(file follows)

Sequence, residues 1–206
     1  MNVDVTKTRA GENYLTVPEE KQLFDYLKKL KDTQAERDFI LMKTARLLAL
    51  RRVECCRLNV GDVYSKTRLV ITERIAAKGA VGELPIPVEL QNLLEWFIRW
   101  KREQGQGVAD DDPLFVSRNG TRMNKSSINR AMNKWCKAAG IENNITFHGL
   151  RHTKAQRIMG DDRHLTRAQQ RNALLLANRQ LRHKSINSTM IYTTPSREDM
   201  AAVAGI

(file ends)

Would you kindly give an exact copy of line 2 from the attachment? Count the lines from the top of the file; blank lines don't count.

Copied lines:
     1  MNVDVTKTRA GENYLTVPEE KQLFDYLKKL KDTQAERDFI LMKTARLLAL